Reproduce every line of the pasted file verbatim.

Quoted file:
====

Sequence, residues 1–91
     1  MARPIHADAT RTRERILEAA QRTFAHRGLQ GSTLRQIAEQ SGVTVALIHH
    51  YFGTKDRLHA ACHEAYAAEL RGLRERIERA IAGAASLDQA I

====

Sequence, residues 1–91
     1  MARPIHADAT RTRERILEAA QRTFAHRGLQ GSTLRQIAEQ SGVTVALIHH
    51  YFGTKDRLHA ACHEAYAAEL RGLRERIERA IAGAASLDQA I